107

I want to hash given byte[] array with using SHA1 Algorithm with the use of SHA1Managed.
The byte[] hash will come from unit test.
Expected hash is 0d71ee4472658cd5874c5578410a9d8611fc9aef (case sensitive).

How can I achieve this?

public string Hash(byte [] temp)
{
    using (SHA1Managed sha1 = new SHA1Managed())
    {

    }
}
2

6 Answers 6

216

For those who want a "standard" text formatting of the hash, you can use something like the following for .NET 5 and newer:

static string Hash(string input)
{
    using var sha1 = SHA1.Create();
    return Convert.ToHexString(sha1.ComputeHash(Encoding.UTF8.GetBytes(input)));
}

This will produce a hash like 0C2E99D0949684278C30B9369B82638E1CEAD415.

If you are stuck on pre-.NET 5 where Convert.ToHexString is not available, you can do:

static string Hash(string input)
{
    using (SHA1Managed sha1 = new SHA1Managed())
    {
        var hash = sha1.ComputeHash(Encoding.UTF8.GetBytes(input));
        var sb = new StringBuilder(hash.Length * 2);

        foreach (byte b in hash)
        {
            // can be "x2" if you want lowercase
            sb.Append(b.ToString("X2"));
        }

        return sb.ToString();
    }
}

Or for a code golfed .Net Framework version:

static string Hash(string input)
{
    var hash = new SHA1Managed().ComputeHash(Encoding.UTF8.GetBytes(input));
    return string.Concat(hash.Select(b => b.ToString("x2")));
}
12
  • 1
    It bugs me that this solution doesn't dispose the SHA1Managed object, because it is marked as Disposable. This post could be handy when optimizing: stackoverflow.com/a/624379/991863
    – sky-dev
    Dec 21, 2015 at 16:38
  • @sky-dev, I usually agree with IDisposable, but a quick trip to the reference source shows that nothing interesting happens in .Dispose()
    – Mitch
    Dec 21, 2015 at 22:54
  • 32
    @Mitch If it implements the IDisposable interface then what happens in the reference source shouldn't matter. Should they ever change it for any reason such that the .Dispose() call becomes important, your previously working code is now causing a problem. Relying on looking into the bowels of a framework to determine what you can get away with is a path to a maintenance nightmare. I highly suggest following the documentation and correctly handling disposable objects, it'll save you pain in the long term. Dec 16, 2016 at 15:19
  • 1
    What is the "X2" for?
    – ijt
    Jul 26, 2020 at 23:27
  • 3
    @ijt, X2 tells it to use two hexadecimal digits per byte. x2 means lowercase, X2 is uppercase
    – Mitch
    Jul 27, 2020 at 0:16
41
public string Hash(byte [] temp)
{
    using (SHA1Managed sha1 = new SHA1Managed())
    {
        var hash = sha1.ComputeHash(temp);
        return Convert.ToBase64String(hash);
    }
}

EDIT:

You could also specify the encoding when converting the byte array to string as follows:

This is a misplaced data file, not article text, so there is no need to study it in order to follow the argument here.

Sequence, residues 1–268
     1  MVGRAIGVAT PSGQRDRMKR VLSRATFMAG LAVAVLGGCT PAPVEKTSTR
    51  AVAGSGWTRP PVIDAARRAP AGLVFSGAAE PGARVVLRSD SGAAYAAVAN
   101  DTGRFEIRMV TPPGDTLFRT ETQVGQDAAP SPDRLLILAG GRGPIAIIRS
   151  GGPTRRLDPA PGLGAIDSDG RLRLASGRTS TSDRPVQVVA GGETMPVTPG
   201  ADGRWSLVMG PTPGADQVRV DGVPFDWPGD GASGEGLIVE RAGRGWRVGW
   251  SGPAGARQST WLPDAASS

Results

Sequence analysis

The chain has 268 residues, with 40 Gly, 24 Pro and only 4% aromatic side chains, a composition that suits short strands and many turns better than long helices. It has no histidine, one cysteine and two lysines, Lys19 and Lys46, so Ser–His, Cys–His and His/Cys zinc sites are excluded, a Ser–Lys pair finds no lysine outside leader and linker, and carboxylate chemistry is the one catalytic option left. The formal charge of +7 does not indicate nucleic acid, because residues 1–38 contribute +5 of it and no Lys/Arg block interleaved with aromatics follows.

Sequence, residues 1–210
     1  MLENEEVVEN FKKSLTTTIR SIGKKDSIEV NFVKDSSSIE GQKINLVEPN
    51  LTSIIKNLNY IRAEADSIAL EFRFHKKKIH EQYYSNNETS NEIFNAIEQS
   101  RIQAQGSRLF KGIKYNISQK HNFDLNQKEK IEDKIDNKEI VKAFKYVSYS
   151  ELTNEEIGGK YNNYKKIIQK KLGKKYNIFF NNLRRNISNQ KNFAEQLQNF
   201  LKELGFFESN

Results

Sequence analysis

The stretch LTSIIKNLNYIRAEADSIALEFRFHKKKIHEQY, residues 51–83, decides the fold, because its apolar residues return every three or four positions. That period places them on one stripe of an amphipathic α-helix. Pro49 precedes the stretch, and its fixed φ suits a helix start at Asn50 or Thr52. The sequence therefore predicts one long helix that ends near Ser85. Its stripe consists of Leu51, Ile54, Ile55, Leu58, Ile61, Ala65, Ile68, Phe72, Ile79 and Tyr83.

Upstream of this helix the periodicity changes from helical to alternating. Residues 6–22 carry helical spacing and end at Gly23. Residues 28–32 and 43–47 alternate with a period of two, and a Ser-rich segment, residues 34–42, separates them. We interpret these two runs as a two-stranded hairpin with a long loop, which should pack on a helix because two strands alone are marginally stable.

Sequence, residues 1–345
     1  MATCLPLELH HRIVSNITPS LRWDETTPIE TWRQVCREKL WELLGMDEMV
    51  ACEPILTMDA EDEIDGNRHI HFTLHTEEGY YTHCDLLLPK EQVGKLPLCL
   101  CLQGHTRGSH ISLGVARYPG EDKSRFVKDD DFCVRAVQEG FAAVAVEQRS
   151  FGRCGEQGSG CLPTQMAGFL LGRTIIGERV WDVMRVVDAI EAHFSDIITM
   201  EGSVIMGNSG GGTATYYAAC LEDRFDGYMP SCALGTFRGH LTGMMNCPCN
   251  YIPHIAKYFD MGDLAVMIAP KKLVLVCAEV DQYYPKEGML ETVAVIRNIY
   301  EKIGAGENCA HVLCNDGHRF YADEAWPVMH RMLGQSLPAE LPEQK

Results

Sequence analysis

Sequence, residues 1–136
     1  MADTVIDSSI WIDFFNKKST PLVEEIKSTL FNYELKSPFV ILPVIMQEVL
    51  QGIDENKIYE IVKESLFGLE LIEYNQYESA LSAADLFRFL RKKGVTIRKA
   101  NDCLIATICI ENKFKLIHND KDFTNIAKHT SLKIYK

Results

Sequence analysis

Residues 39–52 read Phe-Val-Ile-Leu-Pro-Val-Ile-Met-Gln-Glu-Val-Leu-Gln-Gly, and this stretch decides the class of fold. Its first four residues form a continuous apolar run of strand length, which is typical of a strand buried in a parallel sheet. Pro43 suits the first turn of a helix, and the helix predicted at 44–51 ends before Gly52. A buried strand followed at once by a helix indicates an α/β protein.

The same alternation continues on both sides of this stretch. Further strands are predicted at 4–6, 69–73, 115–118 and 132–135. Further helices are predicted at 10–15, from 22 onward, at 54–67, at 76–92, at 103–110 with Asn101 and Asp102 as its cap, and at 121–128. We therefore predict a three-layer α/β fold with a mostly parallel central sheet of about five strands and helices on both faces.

return System.Text.Encoding.UTF8.GetString(hash);

or

return System.Text.Encoding.Unicode.GetString(hash);
6
  • 3
    If they want a hex string then Base64 is probably the wrong choice.
    – Joey
    Jun 25, 2013 at 8:32
  • @Joey: Against the answer given by GrantThomas, the member indicated that they need to return a string Jun 25, 2013 at 8:35
  • @MerveKaya: Perhaps you should explain what you mean by "it didnt work". What does the incoming byte array represent? How did you determine "SHA1Managed"-hashing the incoming byte array should give you 0d71ee4472658cd5874c5578410a9d8611fc9aef as the output? Jun 25, 2013 at 8:40
  • Byte[] hash comes from unit test. In the question they wrote that expected hash is 0d71ee4472658cd5874c5578410a9d8611fc9aef. It comes from unit test
    – Merve Kaya
    Jun 25, 2013 at 8:43
  • @MerveKaya: See my update on how to use Encoding when converting the hash to a string Jun 25, 2013 at 8:46
19

This is what I went with. For those of you who want to optimize, check out https://stackoverflow.com/a/624379/991863.

    public static string Hash(string stringToHash)
    {
        using (var sha1 = new SHA1Managed())
        {
            return BitConverter.ToString(sha1.ComputeHash(Encoding.UTF8.GetBytes(stringToHash)));
        }
    }
1
  • 1
    I had to use BitConverter.ToString(sha1.ComputeHash(bytes)).Replace("-", "") since I didn't want the dashes introduced by BitConverter. After that it worked like a charm! Thanks!
    – Sam
    Aug 20, 2018 at 18:00
9

You can "compute the value for the specified byte array" using ComputeHash:

var hash = sha1.ComputeHash(temp);

If you want to analyse the result in string representation, then you will need to format the bytes using the {0:X2} format specifier.

0
9

Fastest way is this :

    public static string GetHash(string input)
    {
        return string.Join("", (new SHA1Managed().ComputeHash(Encoding.UTF8.GetBytes(input))).Select(x => x.ToString("X2")).ToArray());
    }

For Small character output use x2 in replace of of X2

3
  • 4
    SHA1Managed implements IDisposable, so you would probably want to dispose it when done with it to free up resources. Mar 30, 2017 at 10:21
  • It's not the fastest way, it's merely packed into a single line. Jun 30, 2021 at 15:25
  • @quetzalcoatl well, yeah :) Sep 11, 2021 at 9:36
4

I'll throw my hat in here:

(as part of a static class, as this snippet is two extensions)

//hex encoding of the hash, in uppercase.
public static string Sha1Hash (this string str)
{
    byte[] data = UTF8Encoding.UTF8.GetBytes (str);
    data = data.Sha1Hash ();
    return BitConverter.ToString (data).Replace ("-", "");
}
// Do the actual hashing
public static byte[] Sha1Hash (this byte[] data)
{
    using (SHA1Managed sha1 = new SHA1Managed ()) {
    return sha1.ComputeHash (data);
}

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